A plain spoken man
Faithful to Christ
Willing to sacrifice
Serving the Lord

Gifted with strength
Wise in life
A generous heart
And forgiving hand

Success marks his walk
Failure unknown
Even the world
Can’t take what he owns

Three gifted children
A Christ like wife
Serving the Lord
Taking Billy’s advice

His journey is swift
He has done God’s work
Many souls
Rejoice at his worth

Billy is true
Always the same
Jesus on his lips
Christ knows Billy’s name

Clay Corvin 7/28/06


Just a guest
Filled with blues
Jesus came
I cannot lose

All the ways
I choose to live
Does not change
The strength of God’s grip

I’m HIS guest
My life HIS gift
With value and worth
I cannot miss

Inside I cry
For all I’ve lost
A foolish thought
For I’ve been bought

The price was high
The payment complete
Christ gave me life
He set me free

Born for love
Distracted quick
Too often scared
I forget HIS stick

His presence near
To heal my hurt
Building life
Removing the dirt

Swifter than a breath
Suffering He’ll remove
A relationship with Jesus
Will defeat this world’s blues

Clay Corvin 5/31/06


I drive the streets and see
Pain and poverty
People being hurt
The government doesn’t work

All the wealth we have
Who will plead their case?
People being hurt
The Ninth Ward doesn’t work

Gentilly is building back
So many cannot come
People being hurt
Houses dead from debris

Children waiting for school
Adults seeking control
People being hurt
Learning isn’t free

The church is here today
Giving stuff away
Helping those that hurt
So they can live and be

Today the church is at work
Now people have a friend
Jesus sent them here
To care for those who hurt

Clay Corvin

What Makes a Man Twelve Feet Tall?

What makes a man twelve feet tall?
Money or wealth or people he can call?
Or may it be the things he’s done
For family and friends and others

What makes a man twelve feet tall?
Looming over others that claim their all
Is it not the gently way he lives
Or is it the way he gives
Giving of self beyond request
Giving in life all his best
Giving his wife and children his life
Giving to Christ his focus and all
To be used up in every respect
To help each one find their place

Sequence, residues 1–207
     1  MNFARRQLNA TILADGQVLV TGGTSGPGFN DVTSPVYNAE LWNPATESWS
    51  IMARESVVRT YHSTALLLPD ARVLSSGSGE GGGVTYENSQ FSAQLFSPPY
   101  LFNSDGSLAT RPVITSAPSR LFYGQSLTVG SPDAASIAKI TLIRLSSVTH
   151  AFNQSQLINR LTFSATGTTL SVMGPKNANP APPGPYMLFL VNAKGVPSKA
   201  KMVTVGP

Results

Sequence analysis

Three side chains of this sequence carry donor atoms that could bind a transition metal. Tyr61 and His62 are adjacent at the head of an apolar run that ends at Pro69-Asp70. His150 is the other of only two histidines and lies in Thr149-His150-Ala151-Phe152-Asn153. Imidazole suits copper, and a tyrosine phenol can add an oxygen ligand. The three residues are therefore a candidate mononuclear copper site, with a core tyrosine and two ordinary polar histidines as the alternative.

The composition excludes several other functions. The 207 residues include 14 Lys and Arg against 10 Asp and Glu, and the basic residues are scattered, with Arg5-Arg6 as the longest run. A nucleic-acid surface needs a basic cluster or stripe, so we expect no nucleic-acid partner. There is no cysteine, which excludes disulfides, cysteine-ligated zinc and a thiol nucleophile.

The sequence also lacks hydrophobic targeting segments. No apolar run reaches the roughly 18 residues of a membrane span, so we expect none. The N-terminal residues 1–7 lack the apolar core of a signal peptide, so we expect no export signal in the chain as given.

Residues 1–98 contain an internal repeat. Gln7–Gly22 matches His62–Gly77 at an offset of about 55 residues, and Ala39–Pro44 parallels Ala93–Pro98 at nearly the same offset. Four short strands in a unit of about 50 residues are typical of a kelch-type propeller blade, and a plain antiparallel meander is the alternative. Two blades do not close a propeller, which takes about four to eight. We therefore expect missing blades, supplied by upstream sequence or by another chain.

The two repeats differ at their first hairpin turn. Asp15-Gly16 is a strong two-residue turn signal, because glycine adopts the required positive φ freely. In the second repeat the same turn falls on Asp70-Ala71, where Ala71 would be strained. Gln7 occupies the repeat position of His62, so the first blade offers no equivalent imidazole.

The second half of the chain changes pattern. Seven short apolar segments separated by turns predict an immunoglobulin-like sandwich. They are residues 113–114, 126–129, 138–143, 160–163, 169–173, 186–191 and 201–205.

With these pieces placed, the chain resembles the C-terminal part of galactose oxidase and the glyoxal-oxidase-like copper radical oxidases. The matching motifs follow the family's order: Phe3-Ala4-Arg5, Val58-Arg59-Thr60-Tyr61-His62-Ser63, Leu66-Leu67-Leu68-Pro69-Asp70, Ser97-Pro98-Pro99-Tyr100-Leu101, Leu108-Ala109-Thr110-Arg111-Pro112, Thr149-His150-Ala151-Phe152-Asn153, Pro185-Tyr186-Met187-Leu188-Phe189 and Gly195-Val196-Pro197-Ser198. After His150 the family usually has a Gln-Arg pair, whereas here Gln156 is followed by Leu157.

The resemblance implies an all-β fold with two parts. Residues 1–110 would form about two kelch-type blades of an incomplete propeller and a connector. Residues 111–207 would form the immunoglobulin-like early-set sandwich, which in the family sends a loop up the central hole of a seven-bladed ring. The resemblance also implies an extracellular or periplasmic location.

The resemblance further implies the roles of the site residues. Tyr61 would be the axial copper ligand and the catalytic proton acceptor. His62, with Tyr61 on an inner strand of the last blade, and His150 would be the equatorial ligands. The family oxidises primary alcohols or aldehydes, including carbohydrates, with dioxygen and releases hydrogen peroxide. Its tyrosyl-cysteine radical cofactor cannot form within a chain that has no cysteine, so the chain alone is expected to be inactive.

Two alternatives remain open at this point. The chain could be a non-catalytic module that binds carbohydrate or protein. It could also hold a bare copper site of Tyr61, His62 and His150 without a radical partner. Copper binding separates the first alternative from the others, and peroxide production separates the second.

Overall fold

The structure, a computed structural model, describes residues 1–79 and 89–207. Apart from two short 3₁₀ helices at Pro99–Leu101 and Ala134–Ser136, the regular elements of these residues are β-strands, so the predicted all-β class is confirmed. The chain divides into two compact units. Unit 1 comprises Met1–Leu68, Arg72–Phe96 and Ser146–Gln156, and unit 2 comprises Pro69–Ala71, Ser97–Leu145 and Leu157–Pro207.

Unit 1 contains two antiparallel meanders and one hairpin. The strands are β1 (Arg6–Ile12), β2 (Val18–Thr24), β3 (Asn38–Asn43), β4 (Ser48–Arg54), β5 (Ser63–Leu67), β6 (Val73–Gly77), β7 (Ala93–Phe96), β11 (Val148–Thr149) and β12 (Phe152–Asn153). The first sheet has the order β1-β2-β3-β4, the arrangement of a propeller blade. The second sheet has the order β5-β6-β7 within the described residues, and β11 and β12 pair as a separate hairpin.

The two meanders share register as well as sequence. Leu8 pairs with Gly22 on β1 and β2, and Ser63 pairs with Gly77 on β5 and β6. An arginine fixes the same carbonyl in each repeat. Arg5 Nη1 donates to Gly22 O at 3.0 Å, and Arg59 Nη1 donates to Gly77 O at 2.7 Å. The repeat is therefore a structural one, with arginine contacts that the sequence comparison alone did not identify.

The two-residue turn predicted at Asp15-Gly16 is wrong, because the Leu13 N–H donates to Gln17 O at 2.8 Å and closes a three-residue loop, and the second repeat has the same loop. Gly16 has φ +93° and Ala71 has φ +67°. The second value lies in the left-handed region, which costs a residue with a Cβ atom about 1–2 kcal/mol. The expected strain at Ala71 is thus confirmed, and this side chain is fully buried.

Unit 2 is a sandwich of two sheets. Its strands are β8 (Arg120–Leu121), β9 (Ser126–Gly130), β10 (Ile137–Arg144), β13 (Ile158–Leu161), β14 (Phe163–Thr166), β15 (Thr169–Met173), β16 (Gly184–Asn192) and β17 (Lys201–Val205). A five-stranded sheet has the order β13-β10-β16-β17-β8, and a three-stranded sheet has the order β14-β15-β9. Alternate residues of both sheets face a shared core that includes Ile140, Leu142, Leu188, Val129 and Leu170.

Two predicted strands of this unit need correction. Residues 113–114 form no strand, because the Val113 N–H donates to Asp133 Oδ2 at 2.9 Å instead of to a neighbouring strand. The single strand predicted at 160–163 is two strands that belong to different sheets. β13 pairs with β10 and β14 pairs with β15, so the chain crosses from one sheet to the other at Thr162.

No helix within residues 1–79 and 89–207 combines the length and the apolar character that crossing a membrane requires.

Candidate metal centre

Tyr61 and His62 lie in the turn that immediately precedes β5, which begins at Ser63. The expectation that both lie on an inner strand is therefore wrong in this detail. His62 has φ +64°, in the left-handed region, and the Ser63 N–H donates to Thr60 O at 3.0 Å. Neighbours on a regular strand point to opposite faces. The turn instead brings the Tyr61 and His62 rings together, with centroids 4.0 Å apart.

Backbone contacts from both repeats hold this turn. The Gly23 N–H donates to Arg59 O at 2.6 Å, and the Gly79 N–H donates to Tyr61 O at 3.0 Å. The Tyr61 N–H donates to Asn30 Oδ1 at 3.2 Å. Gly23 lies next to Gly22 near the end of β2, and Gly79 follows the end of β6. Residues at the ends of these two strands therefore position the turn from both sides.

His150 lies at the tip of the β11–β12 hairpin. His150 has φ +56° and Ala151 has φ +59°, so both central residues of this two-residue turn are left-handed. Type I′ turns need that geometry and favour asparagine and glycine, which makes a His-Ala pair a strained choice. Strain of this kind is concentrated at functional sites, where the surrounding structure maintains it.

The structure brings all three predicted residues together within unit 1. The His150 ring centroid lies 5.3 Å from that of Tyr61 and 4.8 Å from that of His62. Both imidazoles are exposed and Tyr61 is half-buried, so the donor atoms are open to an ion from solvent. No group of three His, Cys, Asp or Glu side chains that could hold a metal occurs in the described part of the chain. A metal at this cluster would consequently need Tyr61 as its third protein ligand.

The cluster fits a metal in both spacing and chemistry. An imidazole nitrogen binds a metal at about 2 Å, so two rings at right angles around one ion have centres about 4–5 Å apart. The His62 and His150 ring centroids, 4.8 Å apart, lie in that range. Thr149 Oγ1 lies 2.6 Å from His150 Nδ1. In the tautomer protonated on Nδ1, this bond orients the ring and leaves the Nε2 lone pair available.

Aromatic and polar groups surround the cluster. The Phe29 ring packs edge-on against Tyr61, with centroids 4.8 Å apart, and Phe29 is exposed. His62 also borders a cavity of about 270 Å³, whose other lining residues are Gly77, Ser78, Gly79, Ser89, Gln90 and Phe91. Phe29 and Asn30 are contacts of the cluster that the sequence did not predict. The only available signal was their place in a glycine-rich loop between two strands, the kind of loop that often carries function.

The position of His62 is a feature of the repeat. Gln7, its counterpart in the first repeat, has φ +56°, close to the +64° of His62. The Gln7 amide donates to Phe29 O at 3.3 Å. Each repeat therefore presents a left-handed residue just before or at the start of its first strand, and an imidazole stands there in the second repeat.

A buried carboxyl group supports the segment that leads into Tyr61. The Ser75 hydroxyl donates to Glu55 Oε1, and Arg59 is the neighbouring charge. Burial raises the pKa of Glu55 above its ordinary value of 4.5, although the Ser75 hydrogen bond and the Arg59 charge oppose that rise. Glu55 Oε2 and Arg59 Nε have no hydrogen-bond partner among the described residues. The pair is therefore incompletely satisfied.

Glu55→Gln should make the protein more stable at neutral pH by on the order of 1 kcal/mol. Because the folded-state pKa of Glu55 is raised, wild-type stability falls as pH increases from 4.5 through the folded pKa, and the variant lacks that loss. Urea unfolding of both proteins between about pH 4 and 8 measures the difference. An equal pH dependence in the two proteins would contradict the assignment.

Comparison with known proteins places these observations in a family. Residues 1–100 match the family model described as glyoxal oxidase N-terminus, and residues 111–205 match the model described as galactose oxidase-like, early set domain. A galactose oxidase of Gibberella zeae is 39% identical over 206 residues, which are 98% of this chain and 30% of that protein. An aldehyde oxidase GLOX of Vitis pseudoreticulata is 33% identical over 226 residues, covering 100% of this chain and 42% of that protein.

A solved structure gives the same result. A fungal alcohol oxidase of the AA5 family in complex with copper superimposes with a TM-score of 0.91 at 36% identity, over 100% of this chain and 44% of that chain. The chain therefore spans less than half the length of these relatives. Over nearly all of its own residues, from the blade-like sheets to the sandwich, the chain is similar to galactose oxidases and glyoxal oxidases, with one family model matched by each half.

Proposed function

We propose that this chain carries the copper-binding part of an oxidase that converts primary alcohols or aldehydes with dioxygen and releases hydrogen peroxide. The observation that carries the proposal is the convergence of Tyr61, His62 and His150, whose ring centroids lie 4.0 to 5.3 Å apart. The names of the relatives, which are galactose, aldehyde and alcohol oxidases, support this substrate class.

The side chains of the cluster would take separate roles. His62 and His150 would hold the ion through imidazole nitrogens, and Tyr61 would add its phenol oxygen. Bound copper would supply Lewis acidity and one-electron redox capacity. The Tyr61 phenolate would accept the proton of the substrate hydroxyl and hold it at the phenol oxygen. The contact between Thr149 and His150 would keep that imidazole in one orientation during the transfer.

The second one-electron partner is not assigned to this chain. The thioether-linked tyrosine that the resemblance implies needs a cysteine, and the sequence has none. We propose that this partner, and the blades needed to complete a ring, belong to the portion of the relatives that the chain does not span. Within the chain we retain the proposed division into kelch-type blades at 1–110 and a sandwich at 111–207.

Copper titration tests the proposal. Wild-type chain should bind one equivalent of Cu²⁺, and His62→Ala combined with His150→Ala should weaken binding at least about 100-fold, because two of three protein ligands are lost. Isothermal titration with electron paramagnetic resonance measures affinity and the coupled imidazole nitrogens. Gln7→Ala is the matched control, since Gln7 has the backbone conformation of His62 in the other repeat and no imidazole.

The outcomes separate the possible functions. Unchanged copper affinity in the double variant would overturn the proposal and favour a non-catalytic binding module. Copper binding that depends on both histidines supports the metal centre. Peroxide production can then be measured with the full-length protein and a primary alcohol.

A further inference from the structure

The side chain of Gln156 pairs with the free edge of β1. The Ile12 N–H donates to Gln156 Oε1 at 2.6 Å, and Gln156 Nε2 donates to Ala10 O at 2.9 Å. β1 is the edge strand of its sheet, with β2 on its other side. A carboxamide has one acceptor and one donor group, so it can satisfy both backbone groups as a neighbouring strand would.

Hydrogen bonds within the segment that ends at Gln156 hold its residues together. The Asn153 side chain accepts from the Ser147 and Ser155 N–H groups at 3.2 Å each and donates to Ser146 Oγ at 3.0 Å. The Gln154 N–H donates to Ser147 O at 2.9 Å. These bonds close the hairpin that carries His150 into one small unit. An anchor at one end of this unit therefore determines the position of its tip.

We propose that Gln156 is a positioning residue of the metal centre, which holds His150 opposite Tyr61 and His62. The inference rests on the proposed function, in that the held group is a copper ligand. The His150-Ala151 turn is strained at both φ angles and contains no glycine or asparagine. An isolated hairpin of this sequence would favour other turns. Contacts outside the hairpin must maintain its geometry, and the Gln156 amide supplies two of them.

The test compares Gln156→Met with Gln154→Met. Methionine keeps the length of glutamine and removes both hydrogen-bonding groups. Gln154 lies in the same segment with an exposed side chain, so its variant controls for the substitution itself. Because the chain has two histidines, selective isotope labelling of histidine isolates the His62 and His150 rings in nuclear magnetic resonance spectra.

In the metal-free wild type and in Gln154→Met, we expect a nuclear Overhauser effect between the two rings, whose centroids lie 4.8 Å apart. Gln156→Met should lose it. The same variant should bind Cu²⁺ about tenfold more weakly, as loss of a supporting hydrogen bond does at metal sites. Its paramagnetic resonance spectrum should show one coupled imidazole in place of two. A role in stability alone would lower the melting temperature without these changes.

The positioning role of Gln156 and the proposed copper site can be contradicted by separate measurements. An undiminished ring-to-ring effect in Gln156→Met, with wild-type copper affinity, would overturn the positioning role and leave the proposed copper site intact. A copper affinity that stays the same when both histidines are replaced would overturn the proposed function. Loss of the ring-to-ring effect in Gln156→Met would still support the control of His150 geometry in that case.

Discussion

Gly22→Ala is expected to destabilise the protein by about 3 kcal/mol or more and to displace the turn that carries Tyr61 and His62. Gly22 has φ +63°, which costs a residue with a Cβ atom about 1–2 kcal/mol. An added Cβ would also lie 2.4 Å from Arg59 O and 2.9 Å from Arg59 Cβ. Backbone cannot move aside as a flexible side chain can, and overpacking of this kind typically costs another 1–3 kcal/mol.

What makes a man twelve feet tall?
We see so few it’s hard to know
But in my heart I feel the truth
A man this size is God’s blessing to you
One that walks his path with Christ
One that lives each day as his last

Charles Senior was just such a man
Each one that knows him felt his hand
A hand of strength
A heart of gold
A life of love andA legend that grows
For all his life he lived his best
Christ his life
A man twelve feet tall

Papa is the best-and now he is with his Master

Clay Corvin

David and Opal O’Neal—4803 Ray Avenue (Gentilly)

David and Opal left their home in the Gentilly area on Sunday before Hurricane Katrina hit.  David a Psych Tech was to report for work at Kenner Regional Medical Center on Sunday afternoon.  Opal, a long time employee of the New Orleans Baptist Theological Seminary checked in along with David’s mother at the family members’ area at the hospital.  David worked around the clock until Thursday morning.  Opal was with the other family members and they all experienced the onslaught of the storm.  They had no electricity and by Wednesday the food had run out.  Opal said it was a horrific experience. 

On Wednesday the hospital began to move the patients out.  They had determined they would have to evacuate.   Almost everyone left on Wednesday except Opal and her mother in law.  David was busy moving patients to the airport.  One patient was too critical to leave at the airport and David had to carry the patient to Gonzales.  He speaks of the extreme darkness on the trip.  Once at Gonzales he could not return to Kenner until early Thursday morning.  When David got to the hospital Opal and his mother were waiting on the sidewalk.   David and Opal both exhibited courage and tenacity as they lived this week. 

They evacuated to New Iberia for two weeks then moved to Opelousas until December.  Opal said that the people in Opelousas were wonderful.  They treated them like family.  Opal and David returned to New Orleans on December 8 where they stayed with her daughter in Harvey. 

They got eleven feet of water in their home.  It was totally destroyed.  Opal says they are going to rebuild a home in another location in the New Orleans area.  She is a joyous person who is able to move forward in spite of monumental difficulty.  David and Opal are busy getting their life back to normal in New Orleans.  Opal is a joy to be around and is an encourager of everyone she meets.   

Two together
Bound in Christ
Willing to serve and sacrifice
Without it getting them down

Overwhelmed by Katrina
Unbowed and strong
Time was all they needed
To get back their gentle song

Walking as gracious workers
Able to do as required
Encouraging those around them
Many have benefited from their smile
Faithful to each other
They’ve joined to rebuild
This thing will not defeat